WSJ, Blogs Slam Microsoft, Intel For Hostility To OLPC
Back in 2005, Negroponte had hoped to distribute sub-$100 laptops to as many as 150 million children in developing countries within four years via the OLPC initiative. But "nearly three years later, only about 2,000 students in pilot programs have received computers from the One Laptop project," report Stecklow and Bandler.
Negroptone, it seems, didn't count on OLPC's AMD-processor and Linux-based laptops being perceived as a threat by Intel and Microsoft.
"Mr. Negroponte's ambitious plan has been derailed, in part, by the power of his idea," write the WSJ reporters.
Intel, though it recently signed on to the OLPC initiative, is pushing its own low-cost laptop alternative, the Classmate. Microsoft this year announced a $3 Windows software package tailored for students in developing countries, a move Negroponte called "a direct response to his project," according to the WSJ.
There hasn't been a lot of love lost between the OLPC project on one side and Intel and Microsoft on the other. Intel's then-CEO Craig Barrett called a 2005 prototype of the OLPC computer "a $100 gadget." Last year, Microsoft's Bill Gates said: "Geez, get a decent computer where you can actually read the text and you're not sitting there cranking the thing while you're trying to type."
Negroponte, meanwhile, seems to alternate between bashing the two tech giants and hinting that they're kinda, sorta all on the same team.
"From my point of view, if the world were to have 30 million [laptops made by competitors] in the hands of children at the end of next year, that to me would be a great success," he said recently.
But despite those sentiments, the OLPC visionary is not particularly happy with Intel's Classmate project, protesting that he doesn't want to get in a "bake off" with the more expensive laptop offered by the Santa Clara, Calif.-based chip giant. According to the Journal, Negroponte "communicated this month with Intel's chief executive, Paul Otellini, and demanded that Intel stop selling the Classmate."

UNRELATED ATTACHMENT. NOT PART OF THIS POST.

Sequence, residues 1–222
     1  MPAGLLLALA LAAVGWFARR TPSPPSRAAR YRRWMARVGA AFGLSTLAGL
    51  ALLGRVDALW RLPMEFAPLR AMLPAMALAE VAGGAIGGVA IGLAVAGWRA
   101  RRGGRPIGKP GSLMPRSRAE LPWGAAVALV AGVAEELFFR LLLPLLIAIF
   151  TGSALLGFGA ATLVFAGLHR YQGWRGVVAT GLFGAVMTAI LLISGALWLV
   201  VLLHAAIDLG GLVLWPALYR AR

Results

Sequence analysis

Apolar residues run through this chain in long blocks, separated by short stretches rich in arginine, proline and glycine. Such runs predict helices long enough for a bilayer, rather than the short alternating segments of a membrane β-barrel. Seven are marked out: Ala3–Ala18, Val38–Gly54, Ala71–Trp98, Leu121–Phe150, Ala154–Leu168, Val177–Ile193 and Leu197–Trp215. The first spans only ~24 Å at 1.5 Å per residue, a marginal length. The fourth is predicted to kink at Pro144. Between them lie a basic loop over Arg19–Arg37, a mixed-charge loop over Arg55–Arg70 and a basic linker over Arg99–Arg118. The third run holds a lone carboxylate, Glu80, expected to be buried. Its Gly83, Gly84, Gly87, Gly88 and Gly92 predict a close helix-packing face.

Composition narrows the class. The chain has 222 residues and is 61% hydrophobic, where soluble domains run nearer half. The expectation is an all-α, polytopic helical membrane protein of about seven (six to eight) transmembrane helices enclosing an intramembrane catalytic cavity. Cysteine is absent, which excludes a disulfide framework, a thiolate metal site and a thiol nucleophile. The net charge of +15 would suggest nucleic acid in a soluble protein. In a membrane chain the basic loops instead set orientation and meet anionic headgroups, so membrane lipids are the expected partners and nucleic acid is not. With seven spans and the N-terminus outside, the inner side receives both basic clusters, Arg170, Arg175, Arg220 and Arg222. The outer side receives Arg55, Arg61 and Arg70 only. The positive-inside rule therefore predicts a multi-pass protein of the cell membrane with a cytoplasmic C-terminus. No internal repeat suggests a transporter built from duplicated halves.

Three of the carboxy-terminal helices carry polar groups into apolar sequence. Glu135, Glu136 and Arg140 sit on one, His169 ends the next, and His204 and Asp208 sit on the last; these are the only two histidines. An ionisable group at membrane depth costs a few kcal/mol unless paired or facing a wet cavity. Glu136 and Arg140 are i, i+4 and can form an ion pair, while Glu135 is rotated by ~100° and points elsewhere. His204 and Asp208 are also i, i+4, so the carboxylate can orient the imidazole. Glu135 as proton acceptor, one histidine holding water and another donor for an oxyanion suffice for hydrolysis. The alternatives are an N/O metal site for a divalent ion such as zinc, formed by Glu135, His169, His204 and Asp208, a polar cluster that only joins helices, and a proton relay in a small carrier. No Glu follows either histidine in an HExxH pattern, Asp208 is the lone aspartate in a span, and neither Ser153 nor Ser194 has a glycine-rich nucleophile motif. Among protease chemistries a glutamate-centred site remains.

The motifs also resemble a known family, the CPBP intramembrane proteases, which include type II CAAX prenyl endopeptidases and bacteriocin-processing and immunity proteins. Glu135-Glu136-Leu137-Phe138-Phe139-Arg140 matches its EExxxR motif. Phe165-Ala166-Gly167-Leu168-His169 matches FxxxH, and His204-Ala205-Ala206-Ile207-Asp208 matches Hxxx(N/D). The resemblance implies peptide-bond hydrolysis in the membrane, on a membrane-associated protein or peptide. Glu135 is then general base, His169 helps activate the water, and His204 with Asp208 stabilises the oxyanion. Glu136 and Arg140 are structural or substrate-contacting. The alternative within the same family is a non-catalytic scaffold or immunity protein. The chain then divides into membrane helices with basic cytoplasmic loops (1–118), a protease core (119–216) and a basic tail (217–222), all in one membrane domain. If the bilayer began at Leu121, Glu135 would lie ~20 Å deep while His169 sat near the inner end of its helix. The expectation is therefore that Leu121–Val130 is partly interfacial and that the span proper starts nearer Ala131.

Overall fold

Of course, not all is well in OLPC land from a straight technology point of view, Journal sources say.
"The Intel machine is a lot better than the OLPC," Mohamed Bani, chairman of Libya's technical advisory committee, told the Journal. "I don't want my country to be a junkyard for these machines."
Stecklow and Bandler are fairly even-handed in their assessment of the situation. Bloggers, as is their wont, haven't been so kind.
In a post titled Microsoft and Intel try to make a few bucks off poor kids, SeniorNet blogger Vic Laurie writes:
On Network World, "Micronet" blogs:
Charbax Blog drops some serious charges:
Still, Intel has violated that [clause] repeatedly to kill OLPC efforts in Nigeria, Libya, Pakistan, India, China. [A]nd Intel is also still trying to pull those tactics in Mexico and Brazil. This is simply disgraceful of Intel, scandalous. But Negroponte has signed an agreement saying that he is not allowed to criticize Intel, so he is not allowed to talk about these shameless tactics, even though Intel is the one violating the agreement. In Nigeria, Intel donated 3,000 laptops to counter OLPC efforts, then sold 17,000 Classmates to Nigeria at a loss. Then Microsoft corrupted Nigerian officials with $400,000 to install Windows XP on those [Classmates] instead of Mandriva Linux."
And then there's Fake Steve Jobs, with a slightly different take on OLPC:
Lyons actually sounds serious about all this, doesn't he?